Home > Safety, Training > Making Safety a “Big Deal” in the Workplace

Making Safety a “Big Deal” in the Workplace

From the moment they walk in the door, new employees at Tripp Plastics are advised in clear terms of the plant’s commitment to safety. During orientation they are presented with a policy statement that explains what’s expected from employees, and workers are asked to commit to “maintaining habits and attitudes that protect them and other employees.”

Tripp provides contract thermoforming, machining, engraving, and engineering services, primarily for the gaming industry.

Safety Strategies

The emphasis on safety is carried through everything that goes on in the 125-employee plant. For example:

  • The facility uses only state-of-the-art equipment with the latest safeguards.
  • Only experienced candidates are hired to operate machinery.
  • There’s a safety checklist for every piece of equipment, and it must be completed and signed by the employee using the equipment.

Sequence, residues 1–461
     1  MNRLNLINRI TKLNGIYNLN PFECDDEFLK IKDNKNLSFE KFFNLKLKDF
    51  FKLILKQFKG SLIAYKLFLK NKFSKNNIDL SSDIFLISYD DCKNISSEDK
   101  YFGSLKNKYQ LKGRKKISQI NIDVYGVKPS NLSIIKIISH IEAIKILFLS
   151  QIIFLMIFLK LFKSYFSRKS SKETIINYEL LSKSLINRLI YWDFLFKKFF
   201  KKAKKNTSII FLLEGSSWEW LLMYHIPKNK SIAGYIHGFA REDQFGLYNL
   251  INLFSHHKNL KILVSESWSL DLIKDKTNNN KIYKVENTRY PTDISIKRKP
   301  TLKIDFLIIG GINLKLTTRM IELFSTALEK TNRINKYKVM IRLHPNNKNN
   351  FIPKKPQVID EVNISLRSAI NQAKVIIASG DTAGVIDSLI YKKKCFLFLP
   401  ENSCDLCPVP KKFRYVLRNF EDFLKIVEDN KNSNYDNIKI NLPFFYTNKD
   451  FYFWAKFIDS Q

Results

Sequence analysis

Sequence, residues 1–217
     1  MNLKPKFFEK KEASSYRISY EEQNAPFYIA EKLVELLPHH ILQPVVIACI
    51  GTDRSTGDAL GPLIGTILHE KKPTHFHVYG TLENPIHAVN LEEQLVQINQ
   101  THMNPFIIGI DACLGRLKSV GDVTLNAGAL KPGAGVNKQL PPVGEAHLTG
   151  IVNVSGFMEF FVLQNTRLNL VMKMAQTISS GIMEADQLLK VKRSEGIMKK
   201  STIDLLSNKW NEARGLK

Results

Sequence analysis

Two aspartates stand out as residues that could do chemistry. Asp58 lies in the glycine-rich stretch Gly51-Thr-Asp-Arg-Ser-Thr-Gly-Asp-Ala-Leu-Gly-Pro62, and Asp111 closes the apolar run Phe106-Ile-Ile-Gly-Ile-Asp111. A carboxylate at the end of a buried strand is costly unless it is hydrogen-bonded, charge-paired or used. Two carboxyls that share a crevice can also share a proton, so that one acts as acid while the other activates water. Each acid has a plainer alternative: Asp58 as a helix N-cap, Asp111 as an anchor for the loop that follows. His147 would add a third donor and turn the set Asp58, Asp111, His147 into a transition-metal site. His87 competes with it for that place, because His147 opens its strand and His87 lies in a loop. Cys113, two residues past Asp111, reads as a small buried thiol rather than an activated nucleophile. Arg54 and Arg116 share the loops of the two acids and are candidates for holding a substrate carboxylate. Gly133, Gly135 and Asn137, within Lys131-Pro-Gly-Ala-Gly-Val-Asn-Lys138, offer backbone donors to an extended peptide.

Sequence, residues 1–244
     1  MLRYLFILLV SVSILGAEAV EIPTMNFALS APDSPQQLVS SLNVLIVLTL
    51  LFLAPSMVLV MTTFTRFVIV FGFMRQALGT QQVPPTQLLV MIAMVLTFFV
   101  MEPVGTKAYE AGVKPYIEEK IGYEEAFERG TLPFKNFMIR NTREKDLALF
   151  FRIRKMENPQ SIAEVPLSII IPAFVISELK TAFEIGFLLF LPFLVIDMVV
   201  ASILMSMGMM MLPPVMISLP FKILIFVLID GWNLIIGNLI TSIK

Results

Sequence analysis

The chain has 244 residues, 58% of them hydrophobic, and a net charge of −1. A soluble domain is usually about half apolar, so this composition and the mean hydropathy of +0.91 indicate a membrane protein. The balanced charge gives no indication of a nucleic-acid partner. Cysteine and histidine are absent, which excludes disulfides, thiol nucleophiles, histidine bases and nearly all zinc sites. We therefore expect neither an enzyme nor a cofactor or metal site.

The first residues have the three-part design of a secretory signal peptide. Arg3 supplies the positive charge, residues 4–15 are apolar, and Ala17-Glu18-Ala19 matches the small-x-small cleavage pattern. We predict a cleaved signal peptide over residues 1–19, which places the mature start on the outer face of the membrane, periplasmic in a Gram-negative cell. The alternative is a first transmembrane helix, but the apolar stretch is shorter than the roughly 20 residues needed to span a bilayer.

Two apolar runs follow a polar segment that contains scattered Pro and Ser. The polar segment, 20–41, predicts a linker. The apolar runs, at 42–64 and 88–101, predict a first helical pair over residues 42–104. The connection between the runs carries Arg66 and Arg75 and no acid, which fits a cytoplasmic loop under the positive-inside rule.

• Supervisors maintain a matrix that describes which employees are allowed to use which pieces of equipment.
  • Periodic recertification is required.
  • Safety committee members pair up and perform an informal walkthrough of the workplace before each committee meeting.
  • Once a month the safety committee conducts a surprise audit of one department.

It All Adds Up

Additional high-value safety strategies employed by Tripp’s safety management include:

  • Watch where you step. The manufacturing floor is marked off with yellow striping. All areas within the striping can be entered only by employees wearing appropriate PPE.
  • Got a license for that? All forklift operators must earn a certification license. Operators are recertified every 3 years, as OSHA requires.
  • Spread the word. Electronic messages about safety are posted on computers where line employees clock in and out. Safety is also a regular feature of the company’s internal newsletter.
  • Ask for help. Tripp frequently turns to the Nevada OSHA state consultation division for assistance. The facility also joined OSHA’s SHARP program 2 years ago and was a pre-SHARP site for several years before joining.
    Interfacing and networking with other safety professionals facing similar challenges is invaluable when examining your current best practices. Discussing the elements of your program that work, or don’t work, can lead to new insights and ideas that improve safety across the board.
Categories: Safety, Training
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  1. July 11, 2013 at 12:44 AM

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